Is your Will up to date?

As we get older our circumstances change and as a result it is sensible to review and adjust our plans accordingly. As a rule of thumb, we should review our Will every five years or following a major life change. David Hill, Private Client Partner discusses the major life events that require a review along with a few other events out of our control that could also impact your estate.

Marriage or Civil Partnership

An existing Will will be cancelled when you marry or enter into a civil partnership, unless you were planning to marry or enter into a civil partnership at the time of making the Will and include a statement naming your intended spouse. Without this statement the only way to ensure your wishes are carried out, is to create a new Will. If you don’t your estate will be governed by the intestacy rules (where the law decides who benefits from your estate) and your new spouse will be seen as your next of kin, meaning any children from a previous relationship may not inherit as you intended.

Divorce or Dissolution

Conversely, unlike entering into a marriage or civil partnership, divorce or dissolution does not automatically cancel your Will. It will however, remove your former spouse as a beneficiary or executor.  Whilst the other beneficiaries will inherit it could mean that part of your estate does not have a “home” (i.e. the portion that was previously intended for your spouse).

Long term relationships

If you are not married or in a civil partnership, your partner is not automatically entitled to benefit from your estate, unless you have a Will. This is especially important if you have children, as under the intestacy provisions your children would inherit your estate and not your partner. This could mean that your partner has to take legal action in order to receive any benefit.


If you have children you may want to include provisions for guardians, or determine an age that they may have to reach before they receive an inheritance.  A child will automatically receive an inheritance when they reach their 18th birthday which may not be appropriate.  If you would like children to be older when they inherit, you must make this clear in the Will. If you have a child with health issues you may want to provide for them in a different way, for example by putting a trust in place rather than leaving them a lump sum gift.


Retirement signals a huge change in both personal and financial circumstances.  You may have specific pension arrangements which have potential benefits for your family should anything happen to you and a review of your finances is an integral part of any properly planned Will.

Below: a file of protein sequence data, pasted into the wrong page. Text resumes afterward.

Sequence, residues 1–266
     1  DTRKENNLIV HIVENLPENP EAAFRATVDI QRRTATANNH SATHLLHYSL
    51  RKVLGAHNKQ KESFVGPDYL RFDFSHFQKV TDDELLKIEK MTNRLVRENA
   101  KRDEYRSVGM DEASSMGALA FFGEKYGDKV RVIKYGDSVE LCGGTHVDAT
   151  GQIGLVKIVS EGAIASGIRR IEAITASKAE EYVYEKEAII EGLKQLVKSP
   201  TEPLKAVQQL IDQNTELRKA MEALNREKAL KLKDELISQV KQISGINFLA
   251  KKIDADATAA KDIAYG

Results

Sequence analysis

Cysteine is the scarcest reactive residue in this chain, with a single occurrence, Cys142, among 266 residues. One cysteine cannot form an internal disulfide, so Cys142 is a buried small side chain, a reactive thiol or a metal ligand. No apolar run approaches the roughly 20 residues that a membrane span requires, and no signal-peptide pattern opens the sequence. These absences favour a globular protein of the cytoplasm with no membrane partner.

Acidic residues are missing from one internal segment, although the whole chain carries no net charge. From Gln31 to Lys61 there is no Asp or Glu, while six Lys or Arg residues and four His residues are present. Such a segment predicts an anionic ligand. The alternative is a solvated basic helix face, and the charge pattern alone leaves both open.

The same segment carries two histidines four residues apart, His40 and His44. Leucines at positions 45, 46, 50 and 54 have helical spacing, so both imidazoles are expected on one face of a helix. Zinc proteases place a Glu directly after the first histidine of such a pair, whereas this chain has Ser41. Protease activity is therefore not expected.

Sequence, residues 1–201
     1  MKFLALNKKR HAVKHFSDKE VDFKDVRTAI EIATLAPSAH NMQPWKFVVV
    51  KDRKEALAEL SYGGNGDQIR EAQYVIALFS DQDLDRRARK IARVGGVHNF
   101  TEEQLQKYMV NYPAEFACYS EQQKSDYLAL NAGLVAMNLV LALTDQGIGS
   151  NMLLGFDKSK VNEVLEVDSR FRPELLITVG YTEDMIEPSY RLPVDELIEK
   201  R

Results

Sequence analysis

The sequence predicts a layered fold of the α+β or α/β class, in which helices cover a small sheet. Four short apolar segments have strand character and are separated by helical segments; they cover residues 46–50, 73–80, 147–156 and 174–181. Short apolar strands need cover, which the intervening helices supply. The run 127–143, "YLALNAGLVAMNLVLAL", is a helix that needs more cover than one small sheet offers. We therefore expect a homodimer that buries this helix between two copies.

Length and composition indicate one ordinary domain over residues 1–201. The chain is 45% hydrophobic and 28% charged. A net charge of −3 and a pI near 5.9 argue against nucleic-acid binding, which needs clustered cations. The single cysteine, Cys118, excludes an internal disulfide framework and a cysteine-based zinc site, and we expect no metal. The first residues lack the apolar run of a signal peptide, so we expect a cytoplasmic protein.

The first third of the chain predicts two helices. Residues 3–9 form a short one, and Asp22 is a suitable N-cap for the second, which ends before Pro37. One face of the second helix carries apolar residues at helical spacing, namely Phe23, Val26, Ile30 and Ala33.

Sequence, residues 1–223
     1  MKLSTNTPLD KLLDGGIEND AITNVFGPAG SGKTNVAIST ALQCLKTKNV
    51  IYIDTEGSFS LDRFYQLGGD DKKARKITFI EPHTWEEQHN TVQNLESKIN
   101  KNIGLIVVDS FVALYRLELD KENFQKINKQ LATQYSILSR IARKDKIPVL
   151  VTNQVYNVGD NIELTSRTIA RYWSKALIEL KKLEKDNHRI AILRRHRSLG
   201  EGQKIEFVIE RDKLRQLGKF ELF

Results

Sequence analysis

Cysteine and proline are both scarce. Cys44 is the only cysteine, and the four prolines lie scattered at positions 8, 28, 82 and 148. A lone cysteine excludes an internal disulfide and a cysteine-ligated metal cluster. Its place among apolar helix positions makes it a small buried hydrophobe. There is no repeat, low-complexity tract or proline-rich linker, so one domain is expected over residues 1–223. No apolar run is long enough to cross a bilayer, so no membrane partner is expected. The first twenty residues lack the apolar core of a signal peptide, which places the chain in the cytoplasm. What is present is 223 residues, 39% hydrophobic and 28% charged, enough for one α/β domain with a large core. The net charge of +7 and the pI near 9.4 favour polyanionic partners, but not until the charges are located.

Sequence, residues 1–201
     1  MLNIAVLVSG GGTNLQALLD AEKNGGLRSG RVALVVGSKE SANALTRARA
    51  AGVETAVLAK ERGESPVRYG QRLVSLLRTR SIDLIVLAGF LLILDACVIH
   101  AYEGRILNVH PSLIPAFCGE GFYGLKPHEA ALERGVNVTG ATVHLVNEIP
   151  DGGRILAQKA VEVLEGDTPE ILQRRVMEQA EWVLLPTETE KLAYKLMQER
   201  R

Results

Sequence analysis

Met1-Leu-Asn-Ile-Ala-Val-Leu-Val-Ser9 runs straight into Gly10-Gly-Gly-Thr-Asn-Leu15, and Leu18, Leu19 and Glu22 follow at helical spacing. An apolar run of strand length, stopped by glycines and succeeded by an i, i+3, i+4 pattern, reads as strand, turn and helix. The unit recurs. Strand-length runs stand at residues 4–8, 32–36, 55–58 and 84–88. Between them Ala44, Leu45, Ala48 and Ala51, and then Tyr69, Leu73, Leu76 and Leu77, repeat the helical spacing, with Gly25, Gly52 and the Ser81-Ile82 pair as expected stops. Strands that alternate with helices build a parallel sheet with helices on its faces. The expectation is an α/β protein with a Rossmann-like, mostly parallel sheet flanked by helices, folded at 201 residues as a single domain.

Financial change

You should regularly check that the value of your estate is still sufficient to meet the bequests you wish to make. If specific legacies make up more in value than your estate is worth, then it might result in your property being sold in order to satisfy those gifts. If you don’t want to run that risk, then you should always be aware of how much in individual gifts you are leaving as a proportion of your estate.

Moving House

With so much to organise when moving house, updating a Will if often low on the priority list or forgotten completely. At the very least a record should be placed with your Will to reflect your current address.

There are also a few events which although completely out of your control could have an impact on your estate. These include:

  • a change in the law, in particular inheritance tax changes
  • if your executor can no longer handle the responsibility or is no longer the person you want to deal with your estate
  • if a beneficiary has died you may want to name someone else

Reviewing your Will will enable you to check that it still accurately reflects the way you would like your estate to be distributed after you die and ultimately ensure that you protect your loved ones.

Finally, it is important to note, if you want to make changes to your will following a review, there are two options. You can either make a codicil (amendment) to your existing Will or make a new Will. In both cases the changes need to be dealt with correctly to ensure that they are effective – a simple note with your Will or papers is unlikely to be effective.

If you have a question about your Will or what to make changes please contact our Private Client Team today on 01225 750 000 or We are ready and able to work remotely with all the processes in place to ensure we can carry out your wishes and comply with social distancing rules.

Mogers Drewett

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